1820-1865: Origins in Texas
Ranching first started in Texas, with ranches mostly manned by Mexican cowboys called vaqueros.
In 1836 Texan ranchers drove many Mexicans out, and claimed the cattle left behind.
The Civil War started in 1861, and Texans went off to fight. The cattle roamed free as huge herds grew up. On returning home, the Texans started rounding them up and driving them to sell in places such as New Orleans and California.
1865-1870: The 'long drives' - first 'open range' ranch
Realising that there was a great demand for beef in the north of the USA, the Texans drove their cattle north on a long drive to Sedalia in Missouri, where they were loaded onto trains for Chicago.
Two Texas ranchers, Charles Goodnight and Oliver Loving, pioneered a second trail, to Denver in Colorado, where they sold their cattle to gold miners.
1870-1885: The 'open range'
There were huge areas of 'open range' - unfenced land which was free for anyone to use.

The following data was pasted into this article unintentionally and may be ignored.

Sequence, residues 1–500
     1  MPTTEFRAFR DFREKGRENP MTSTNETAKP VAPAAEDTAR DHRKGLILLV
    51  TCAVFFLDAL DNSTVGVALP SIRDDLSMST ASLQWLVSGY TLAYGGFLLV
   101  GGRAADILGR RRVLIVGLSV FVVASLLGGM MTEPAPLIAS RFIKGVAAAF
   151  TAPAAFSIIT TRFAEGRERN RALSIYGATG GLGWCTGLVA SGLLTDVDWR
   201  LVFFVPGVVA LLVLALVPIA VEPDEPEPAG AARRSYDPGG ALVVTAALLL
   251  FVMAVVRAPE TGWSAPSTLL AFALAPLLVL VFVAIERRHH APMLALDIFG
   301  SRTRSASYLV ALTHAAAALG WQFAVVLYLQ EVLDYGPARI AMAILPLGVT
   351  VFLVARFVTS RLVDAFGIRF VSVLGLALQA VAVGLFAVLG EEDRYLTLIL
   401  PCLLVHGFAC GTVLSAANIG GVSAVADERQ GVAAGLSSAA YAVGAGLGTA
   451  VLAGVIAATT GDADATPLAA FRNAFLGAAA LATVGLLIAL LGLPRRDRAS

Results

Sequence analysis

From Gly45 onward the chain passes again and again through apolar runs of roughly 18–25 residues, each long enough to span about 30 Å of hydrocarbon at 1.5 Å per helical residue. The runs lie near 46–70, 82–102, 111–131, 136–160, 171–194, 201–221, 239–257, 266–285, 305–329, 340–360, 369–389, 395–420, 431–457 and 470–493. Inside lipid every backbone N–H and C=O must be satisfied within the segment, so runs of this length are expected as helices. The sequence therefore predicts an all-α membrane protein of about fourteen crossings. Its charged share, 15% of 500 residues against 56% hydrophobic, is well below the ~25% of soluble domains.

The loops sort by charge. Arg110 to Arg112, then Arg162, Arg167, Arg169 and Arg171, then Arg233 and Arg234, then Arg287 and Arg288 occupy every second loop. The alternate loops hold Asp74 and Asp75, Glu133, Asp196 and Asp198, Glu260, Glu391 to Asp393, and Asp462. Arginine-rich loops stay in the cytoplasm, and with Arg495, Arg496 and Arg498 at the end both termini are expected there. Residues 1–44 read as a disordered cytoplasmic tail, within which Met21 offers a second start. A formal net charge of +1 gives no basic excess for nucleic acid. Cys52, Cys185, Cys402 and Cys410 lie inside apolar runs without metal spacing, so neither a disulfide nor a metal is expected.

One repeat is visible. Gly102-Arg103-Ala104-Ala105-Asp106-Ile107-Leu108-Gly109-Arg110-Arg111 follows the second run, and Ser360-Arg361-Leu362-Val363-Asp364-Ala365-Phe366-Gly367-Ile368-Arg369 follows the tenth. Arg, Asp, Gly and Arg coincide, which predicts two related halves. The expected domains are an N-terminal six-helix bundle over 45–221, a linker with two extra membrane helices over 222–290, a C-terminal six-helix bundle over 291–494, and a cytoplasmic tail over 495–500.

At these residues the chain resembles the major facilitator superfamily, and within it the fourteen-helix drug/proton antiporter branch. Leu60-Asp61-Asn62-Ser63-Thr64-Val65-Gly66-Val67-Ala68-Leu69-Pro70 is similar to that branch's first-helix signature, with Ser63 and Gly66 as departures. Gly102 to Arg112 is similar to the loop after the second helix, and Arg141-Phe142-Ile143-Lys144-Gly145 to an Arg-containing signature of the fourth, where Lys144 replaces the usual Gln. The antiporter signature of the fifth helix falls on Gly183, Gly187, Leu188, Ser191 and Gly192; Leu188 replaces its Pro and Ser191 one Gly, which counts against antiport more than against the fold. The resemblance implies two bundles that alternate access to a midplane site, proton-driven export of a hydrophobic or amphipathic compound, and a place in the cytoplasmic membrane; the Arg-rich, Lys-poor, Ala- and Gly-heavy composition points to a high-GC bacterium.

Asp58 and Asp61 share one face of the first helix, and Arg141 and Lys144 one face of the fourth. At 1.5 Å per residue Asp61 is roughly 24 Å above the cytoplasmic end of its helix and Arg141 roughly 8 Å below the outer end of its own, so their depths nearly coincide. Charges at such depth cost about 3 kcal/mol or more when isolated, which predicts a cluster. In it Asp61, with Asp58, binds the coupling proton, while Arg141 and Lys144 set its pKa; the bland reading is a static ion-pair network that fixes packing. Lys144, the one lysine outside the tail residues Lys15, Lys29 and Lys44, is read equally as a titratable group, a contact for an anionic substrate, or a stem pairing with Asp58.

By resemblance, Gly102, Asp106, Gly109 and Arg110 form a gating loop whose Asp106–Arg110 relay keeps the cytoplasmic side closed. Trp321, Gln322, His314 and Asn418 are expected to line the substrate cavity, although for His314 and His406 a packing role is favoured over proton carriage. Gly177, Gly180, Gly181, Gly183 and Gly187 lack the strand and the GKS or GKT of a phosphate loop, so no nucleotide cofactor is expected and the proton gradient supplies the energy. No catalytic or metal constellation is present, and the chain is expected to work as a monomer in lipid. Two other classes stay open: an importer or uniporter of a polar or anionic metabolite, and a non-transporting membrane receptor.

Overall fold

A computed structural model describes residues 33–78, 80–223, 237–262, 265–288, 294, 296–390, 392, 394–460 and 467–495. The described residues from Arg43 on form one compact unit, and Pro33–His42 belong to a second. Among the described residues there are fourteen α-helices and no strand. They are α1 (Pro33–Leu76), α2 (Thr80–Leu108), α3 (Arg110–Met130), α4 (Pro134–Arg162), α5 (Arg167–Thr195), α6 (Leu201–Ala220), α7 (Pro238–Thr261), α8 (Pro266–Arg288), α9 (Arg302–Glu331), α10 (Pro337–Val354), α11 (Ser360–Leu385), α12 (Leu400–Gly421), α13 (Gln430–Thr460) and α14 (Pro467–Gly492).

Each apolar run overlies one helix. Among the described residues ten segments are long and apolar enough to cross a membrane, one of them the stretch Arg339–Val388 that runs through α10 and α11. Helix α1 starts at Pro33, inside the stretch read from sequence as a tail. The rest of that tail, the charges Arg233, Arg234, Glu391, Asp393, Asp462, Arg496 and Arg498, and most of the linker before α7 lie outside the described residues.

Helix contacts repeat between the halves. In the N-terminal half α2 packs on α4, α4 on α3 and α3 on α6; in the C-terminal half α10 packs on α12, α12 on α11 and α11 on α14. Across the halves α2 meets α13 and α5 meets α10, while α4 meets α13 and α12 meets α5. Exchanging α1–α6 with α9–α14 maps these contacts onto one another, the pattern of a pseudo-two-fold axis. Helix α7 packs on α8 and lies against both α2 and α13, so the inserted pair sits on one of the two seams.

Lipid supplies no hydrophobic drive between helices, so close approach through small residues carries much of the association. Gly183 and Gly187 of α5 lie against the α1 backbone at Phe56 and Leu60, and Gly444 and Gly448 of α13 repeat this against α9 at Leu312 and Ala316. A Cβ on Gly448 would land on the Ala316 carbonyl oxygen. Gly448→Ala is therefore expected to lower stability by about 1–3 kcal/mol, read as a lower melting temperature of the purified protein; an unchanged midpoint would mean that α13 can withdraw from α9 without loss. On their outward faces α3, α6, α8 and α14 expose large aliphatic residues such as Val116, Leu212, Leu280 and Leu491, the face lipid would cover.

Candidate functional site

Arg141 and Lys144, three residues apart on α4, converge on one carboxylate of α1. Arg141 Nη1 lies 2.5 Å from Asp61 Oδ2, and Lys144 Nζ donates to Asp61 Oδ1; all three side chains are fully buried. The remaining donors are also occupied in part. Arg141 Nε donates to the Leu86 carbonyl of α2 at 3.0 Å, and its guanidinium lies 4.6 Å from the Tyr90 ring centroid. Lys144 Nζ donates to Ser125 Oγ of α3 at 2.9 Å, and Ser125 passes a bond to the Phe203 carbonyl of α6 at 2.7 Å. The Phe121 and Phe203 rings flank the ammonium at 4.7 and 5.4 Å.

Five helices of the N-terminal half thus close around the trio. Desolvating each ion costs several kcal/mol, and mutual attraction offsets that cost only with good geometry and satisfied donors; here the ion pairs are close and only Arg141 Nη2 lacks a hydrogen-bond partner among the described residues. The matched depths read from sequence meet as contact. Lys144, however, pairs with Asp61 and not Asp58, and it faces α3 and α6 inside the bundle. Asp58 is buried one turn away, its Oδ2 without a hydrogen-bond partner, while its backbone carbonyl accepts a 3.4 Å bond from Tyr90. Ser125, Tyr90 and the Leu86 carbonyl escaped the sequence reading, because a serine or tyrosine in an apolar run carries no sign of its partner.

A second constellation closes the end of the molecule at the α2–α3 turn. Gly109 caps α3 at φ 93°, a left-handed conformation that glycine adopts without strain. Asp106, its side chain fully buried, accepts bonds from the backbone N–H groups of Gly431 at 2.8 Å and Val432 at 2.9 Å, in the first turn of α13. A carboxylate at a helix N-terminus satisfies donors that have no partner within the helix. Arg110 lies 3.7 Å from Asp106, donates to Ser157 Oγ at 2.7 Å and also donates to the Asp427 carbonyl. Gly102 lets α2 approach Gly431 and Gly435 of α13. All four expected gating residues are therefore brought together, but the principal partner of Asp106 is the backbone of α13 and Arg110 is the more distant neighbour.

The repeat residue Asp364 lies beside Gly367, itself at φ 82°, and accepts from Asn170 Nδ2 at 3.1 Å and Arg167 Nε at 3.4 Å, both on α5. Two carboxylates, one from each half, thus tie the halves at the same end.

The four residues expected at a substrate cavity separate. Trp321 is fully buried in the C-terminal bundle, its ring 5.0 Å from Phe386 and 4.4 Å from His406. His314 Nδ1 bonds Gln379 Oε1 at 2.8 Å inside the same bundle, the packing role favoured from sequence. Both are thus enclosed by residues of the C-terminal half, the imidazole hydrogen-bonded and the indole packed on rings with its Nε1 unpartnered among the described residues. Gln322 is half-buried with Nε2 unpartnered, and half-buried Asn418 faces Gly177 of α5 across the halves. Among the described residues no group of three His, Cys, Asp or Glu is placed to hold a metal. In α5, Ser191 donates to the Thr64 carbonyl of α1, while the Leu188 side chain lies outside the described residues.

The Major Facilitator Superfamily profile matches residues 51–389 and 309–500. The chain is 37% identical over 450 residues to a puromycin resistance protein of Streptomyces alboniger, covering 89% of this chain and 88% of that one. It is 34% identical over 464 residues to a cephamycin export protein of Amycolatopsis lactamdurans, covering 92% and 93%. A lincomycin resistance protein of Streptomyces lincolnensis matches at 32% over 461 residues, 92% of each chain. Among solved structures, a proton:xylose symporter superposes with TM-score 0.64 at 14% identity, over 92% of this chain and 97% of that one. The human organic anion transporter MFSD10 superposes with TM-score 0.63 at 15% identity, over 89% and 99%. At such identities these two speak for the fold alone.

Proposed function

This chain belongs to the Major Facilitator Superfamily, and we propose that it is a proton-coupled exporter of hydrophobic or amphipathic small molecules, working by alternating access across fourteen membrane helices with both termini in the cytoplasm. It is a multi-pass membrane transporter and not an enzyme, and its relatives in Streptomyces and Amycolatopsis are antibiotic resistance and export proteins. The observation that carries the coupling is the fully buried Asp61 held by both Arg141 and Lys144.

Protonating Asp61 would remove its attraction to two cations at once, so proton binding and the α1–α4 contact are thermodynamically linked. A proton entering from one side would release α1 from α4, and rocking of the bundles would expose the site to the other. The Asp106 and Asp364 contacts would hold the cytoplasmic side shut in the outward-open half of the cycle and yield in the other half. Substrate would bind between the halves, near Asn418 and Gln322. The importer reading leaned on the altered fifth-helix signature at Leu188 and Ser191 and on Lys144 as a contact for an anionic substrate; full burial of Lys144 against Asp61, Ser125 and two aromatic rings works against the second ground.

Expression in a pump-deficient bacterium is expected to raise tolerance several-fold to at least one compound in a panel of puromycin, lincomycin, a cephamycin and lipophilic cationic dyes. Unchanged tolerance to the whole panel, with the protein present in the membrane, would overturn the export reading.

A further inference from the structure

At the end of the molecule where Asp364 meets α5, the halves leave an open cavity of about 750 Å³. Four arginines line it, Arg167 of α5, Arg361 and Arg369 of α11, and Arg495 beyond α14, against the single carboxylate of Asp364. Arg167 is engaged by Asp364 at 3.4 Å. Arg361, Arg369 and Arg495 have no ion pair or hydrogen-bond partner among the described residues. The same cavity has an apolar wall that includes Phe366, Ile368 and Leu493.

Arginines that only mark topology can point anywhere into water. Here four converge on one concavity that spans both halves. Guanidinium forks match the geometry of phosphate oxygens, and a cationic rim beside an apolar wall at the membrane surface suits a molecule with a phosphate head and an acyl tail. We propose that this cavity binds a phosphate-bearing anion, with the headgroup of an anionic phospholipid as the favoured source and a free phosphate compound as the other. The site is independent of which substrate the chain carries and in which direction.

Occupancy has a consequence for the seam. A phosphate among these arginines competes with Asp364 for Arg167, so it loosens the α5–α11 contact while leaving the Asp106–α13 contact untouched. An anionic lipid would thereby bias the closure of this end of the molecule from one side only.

Charles Goodnight is reputed to have invented the crazy quilt (by buying small patches of land here and there over an area, he could effectively control all of it).
Refrigeration cars on trains opened a world-wide market for beef.
By 1885, just 35 cattle-barons owned 8 million hectares of range, and owned perhaps 1.5 million cattle.
1885-1890: The end of the 'open range'
Ranchers had over-grazed the plains. Overstocking had also led to a fall in prices.
In spring 1886 there was a drought, followed by a scorching hot summer (up to 43°C). This was followed by a winter storm in January 1887, in which the temperature dropped to -43°C. Half the cattle on the plains died in a single year.
More and more homesteaders were coming onto the plains, and fencing off their farms with barbed wire (patented in 1874).
Five ways the railroads affect the development of cattle ranching include:
1. In 1865-1870 beef was transported north on the railroad from Sedalia, causing the opening up of